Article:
Greek veteran weighlifter Piros Dimas (R) and Chinese gymnast Li Ning light a cauldron with the Olympic Flame inside the marble Panathenaic stadium in Athens, May 17, 2012. Greece formally hands over the Olympic flame to a London delegation led by Princess Anne and including David Beckham on Thursday at the Panathenaic stadium where the first modern Games were held in 1896. (REUTERS/John Kolesidis)
By Alan Baldwin
ATHENS, May 17 (Reuters) – The flame for the London Olympics, which start on July 27 after a 70-day torch relay around Britain, was handed over on Thursday at a damp ceremony in the marble stadium that hosted the first modern Games in 1896.
The flame, lit from the sun’s rays at the home of the ancient Games in Olympia a week ago, was presented under grey and rainy skies to Britain’s Princess Anne by the president of the Hellenic Olympic Committee Spyros Capralos.
Transferred to a small lantern by golden torch from a cauldron, it will be guarded overnight in the British embassy in Athens.
It will then be flown on ‘Flight 2012’, a British Airways Airbus 319 called ‘Firefly’, to a naval air base in south-west England on Friday before the relay starts at Land’s End the following morning.
London Games chairman and twice Olympic 1,500 meters champion Sebastian Coe paid tribute to Greece and even thanked the hosts for providing suitably “British weather” in a Panathenaic Stadium exposed to the elements.
“Thank you for the warm hospitality and welcome that you and your country have extended to us, particularly for laying on the British weather this evening,” said Coe, who spoke after the heavens eased off and umbrellas were folded away.
“Like the Olympic and Paralympic Games, the Flame belongs to the world,” he told spectators including London mayor Boris Johnson and former England soccer captain David Beckham, who was mistakenly referred to as “Sir” by the announcer.
Beckham, who will travel with the flame on Friday and is strongly tipped to be part of the first British soccer team since 1960 at the Games, shared an umbrella with Johnson as the rain lashed down.
The relay will travel 12,800 km around Britain and Ireland, taking in 1,018 villages and the 1,085-metre summit of Snowdon, before culminating with the lighting of the Olympic cauldron in the new stadium in east London.
“Millions of people across the UK are getting ready to do the best work of their lives to welcome you all,” said Coe, adding a similarly warm reception would be felt when the flame makes a brief trip to Ireland.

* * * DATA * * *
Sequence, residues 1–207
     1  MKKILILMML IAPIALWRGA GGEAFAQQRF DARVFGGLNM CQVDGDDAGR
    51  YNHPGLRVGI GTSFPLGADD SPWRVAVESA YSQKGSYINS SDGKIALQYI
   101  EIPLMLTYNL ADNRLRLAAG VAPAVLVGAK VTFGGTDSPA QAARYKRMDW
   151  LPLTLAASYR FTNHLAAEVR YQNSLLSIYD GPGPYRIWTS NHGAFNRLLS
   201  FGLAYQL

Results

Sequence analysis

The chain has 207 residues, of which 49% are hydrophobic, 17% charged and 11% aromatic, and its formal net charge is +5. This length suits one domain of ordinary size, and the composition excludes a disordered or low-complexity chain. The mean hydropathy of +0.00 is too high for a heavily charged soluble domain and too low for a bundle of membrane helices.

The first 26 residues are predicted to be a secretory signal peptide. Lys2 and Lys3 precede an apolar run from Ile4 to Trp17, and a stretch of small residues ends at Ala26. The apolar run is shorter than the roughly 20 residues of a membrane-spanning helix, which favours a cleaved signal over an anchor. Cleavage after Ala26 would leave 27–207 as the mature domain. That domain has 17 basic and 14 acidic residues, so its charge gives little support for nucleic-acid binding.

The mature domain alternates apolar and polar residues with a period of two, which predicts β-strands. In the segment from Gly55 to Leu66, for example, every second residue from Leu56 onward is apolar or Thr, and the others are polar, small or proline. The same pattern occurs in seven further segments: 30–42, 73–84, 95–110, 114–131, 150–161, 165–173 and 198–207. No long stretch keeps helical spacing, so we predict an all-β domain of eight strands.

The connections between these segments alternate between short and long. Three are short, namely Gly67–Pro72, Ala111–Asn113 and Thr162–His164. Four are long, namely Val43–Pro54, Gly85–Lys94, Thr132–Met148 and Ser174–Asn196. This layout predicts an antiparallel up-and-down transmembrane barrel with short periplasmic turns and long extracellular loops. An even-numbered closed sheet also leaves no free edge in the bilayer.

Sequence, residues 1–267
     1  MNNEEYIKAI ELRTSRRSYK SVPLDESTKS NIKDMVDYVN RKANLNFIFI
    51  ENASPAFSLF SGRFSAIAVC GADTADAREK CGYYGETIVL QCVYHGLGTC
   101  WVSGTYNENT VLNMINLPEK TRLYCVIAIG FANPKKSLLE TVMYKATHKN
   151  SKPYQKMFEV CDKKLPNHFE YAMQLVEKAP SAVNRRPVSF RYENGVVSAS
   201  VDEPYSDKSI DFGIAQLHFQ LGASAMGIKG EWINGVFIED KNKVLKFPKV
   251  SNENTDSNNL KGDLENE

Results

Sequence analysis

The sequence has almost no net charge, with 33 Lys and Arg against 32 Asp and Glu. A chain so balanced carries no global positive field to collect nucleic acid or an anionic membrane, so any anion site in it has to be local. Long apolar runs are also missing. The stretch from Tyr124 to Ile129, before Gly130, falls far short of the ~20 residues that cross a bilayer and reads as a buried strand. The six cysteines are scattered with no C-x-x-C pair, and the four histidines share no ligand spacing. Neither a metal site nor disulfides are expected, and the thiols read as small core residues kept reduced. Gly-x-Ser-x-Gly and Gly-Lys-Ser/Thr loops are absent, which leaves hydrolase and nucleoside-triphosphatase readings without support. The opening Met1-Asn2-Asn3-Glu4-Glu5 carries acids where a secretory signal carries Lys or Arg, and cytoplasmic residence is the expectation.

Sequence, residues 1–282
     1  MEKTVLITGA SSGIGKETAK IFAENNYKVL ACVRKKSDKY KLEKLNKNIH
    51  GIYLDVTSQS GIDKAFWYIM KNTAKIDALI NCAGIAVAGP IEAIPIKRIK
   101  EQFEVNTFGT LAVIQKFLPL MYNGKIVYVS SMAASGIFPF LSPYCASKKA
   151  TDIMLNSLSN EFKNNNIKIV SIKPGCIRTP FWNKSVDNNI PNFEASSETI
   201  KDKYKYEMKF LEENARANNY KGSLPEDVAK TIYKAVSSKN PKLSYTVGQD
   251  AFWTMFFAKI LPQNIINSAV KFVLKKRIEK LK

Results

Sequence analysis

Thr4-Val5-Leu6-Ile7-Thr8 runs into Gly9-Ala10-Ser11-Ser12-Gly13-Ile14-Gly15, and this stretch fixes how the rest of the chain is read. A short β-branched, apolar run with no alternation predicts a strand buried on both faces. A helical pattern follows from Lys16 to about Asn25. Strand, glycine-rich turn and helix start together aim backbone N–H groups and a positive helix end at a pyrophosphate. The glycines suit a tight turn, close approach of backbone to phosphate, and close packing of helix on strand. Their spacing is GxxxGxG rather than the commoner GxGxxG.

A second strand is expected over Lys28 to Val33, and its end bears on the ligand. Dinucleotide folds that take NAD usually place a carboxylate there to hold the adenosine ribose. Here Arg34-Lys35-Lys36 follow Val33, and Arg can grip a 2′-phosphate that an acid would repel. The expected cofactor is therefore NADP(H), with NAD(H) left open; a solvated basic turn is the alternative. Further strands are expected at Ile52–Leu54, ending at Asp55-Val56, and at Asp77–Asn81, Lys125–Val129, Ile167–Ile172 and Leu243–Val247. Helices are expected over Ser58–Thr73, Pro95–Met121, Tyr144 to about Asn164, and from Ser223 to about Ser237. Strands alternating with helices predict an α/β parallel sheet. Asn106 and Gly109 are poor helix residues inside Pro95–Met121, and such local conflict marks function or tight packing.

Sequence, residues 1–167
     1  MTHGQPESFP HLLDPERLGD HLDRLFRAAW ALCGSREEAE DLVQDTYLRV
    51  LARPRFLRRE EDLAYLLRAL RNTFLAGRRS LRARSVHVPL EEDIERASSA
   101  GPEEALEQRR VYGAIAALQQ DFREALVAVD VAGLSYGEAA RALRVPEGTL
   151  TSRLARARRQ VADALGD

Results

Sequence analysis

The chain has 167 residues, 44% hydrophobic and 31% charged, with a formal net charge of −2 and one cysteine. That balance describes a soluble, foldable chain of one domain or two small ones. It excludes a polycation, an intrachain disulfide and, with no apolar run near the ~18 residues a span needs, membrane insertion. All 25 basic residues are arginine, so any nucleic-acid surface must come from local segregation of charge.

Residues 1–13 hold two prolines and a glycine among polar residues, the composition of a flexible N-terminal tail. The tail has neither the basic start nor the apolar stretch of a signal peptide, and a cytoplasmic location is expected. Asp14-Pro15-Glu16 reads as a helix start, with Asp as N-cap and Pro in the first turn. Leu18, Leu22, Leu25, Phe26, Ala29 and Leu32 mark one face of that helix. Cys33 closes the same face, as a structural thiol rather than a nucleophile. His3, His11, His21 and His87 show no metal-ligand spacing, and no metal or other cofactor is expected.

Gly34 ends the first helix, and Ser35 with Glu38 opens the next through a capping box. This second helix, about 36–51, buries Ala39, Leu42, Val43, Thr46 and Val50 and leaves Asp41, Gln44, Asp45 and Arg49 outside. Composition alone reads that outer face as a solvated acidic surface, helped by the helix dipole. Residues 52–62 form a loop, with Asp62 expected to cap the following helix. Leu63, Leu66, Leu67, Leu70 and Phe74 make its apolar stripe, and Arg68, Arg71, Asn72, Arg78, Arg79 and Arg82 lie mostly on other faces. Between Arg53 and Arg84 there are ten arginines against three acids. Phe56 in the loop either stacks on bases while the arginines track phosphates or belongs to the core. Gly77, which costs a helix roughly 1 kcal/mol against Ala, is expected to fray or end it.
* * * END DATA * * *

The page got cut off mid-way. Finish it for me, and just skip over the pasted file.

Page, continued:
“I know the Dubliners will show us how to celebrate the Flame and its message of peace, goodwill and friendship.”
Johnson, re-elected mayor of England’s capital earlier this month, said the reality of hosting the biggest show on earth had finally hit home.
“The countdown begins now. This isn’t going to happen again in our lifetimes,” he told the BBC.
Greek president Karolos Papoulias, whose debt-stricken country risks bankruptcy and an exit from the European single currency, also attended the ceremony after naming a caretaker Prime Minister in an emergency government on Wednesday to lead Greece to new elections next month.
Greek rowing world champion Christina Giazitzidou carried the flame into the stadium, built in 330BC and reconstructed for 1896, with a branch from what is claimed to be the oldest olive tree in the world in her other hand.
As she entered, as if by celestial command, the rain eased and the sun tried to break through the cloud.
The final two torchbearers were Greek weightlifter Pyrros Dimas and Chinese gymnast Li Ning, who lit the cauldron at the 2008 Beijing Games, running together with the torch.
Cries of ‘Hellas, Hellas’ went up from the crowd as the cauldron in the center of the stadium was lit and five white doves were released by school children.
The relay will take in landmarks around Britain with the flame traveling by canal boat, cable car, tram, steam train, hot air balloon and even motorcycle sidecar on the Isle of Man TT course.
More than 95 percent of the British population will be within an hour of the route.
“We are reminded of our responsibility – like that of our predecessors in 1908 and especially in 1948 – to stage Games that use the power of sport to unite the world in a celebration of achievement and inspiration in challenging times,” said Coe.
“A Games that will inspire the next generation to choose sport.”